Water efficiency and conservation should be a national priority. The sustainable use of water contributes to healthy communities and healthy economies, helps citizens and businesses save money, and supports strong ecosystems. The Alliance for Water Efficiency (AWE) focuses on promoting legislation, policy and standards at the federal level to support investments in water-efficient products and programs. At the state and local levels, AWE works hand in hand with partners to advance regulatory solutions to water challenges.

Our 2023 Priorities

U.S. Congress

AWE has been working to get the following acts introduced as standalone bills or included in other legislation. 

  1. Water Efficiency, Conservation, and Sustainability Act – This act would establish two new federal grant programs. The first would fund local water efficiency efforts focused on landscapes, appliances, and fixtures, and the second would fund technical assistance to public water systems to conduct an annual water loss audit of their system and establish a water loss control program.   

  2. Water Conservation Rebate Parity Act – This act would make water conservation rebates tax-free. Building and property owners are currently taxed on rebates for making water-saving investments, which increases their costs and discourages these improvements. The act would result in the federal government treating water conservation rebates the same as energy conservation rebates, which were exempted from federal taxation in 1992. 

Executive Branch

  1. Bureau of Reclamation – AWE is urging the Bureau of Reclamation to make a significant portion of the $4 billion for western drought response from the Inflation Reduction Act available for urban water efficiency strategies that provide long-term water demand reductions. These strategies include replacing legacy plumbing fixtures, reducing real water loss in utility distribution systems, and supporting landscape transformation programs. (See AWE's sign-on letter for more information on the initial push for this work in 2022.) While Reclamation is expected to invest heavily in funding farmers and irrigation districts to fallow farm fields, a diverse portfolio of strategies is needed for long-term sustainability.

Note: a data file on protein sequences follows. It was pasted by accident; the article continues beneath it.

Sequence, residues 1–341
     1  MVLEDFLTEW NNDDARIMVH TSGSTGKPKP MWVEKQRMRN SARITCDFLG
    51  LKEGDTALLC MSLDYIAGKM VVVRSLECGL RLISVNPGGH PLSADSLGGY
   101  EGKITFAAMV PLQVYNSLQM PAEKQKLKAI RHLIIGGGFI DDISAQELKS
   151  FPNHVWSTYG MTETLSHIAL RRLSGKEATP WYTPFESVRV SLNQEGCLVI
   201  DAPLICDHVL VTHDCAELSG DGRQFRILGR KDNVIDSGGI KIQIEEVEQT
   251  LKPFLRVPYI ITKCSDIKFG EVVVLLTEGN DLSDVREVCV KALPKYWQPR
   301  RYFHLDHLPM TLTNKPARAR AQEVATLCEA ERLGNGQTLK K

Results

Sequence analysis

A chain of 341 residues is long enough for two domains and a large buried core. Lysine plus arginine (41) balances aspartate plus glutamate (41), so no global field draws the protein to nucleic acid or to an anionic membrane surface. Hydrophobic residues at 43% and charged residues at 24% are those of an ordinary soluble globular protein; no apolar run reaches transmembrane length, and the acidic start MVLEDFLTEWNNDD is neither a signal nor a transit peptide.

2. DOE and IRS – AWE is working with energy-related nonprofit partners to explore how water efficiency can be incorporated into energy efficiency funding and tax credits from the Inflation Reduction Act and the Bipartisan Infrastructure Bill.  

  3. WaterSense – AWE is working with its members to review and provide comments on WaterSense specifications for water-efficient products. Currently, WaterSense is considering a draft specification for spray sprinkler nozzles for landscape irrigation and for point-of-use reverse osmosis filtration systems.  

State Legislatures

Following the release of AWE’s 2022 State Policy Scorecard, AWE is working with AWE members in Arizona, New Mexico, and Utah to support legislative efforts on water efficiency. AWE is focusing on these states in 2023 because of ongoing drought in the Colorado River Basin. AWE is especially focused on: 

  1. Point-of-Sale Requirements for Water Efficient Products – These requirements would apply to new water using products such as toilets, showerheads, faucets, and certain landscape irrigation equipment. AWE tracks state efforts to require water efficienct products on an ongoing basis, which you can find here

  2. Utility Water Loss Control – AWE is interested in supporting states in adopting requirements that water utilities conduct water loss audits of their distribution systems and develop water loss control plans to reduce real water losses.  

  3. Member Priorities – AWE is working to support member water efficiency priorities as they arise. For example, AWE members in New Mexico have been working on a bill that would set deadlines for limiting the installation and irrigation of so-called non-functional turf (aka, non-essential turf) in non-residential applications.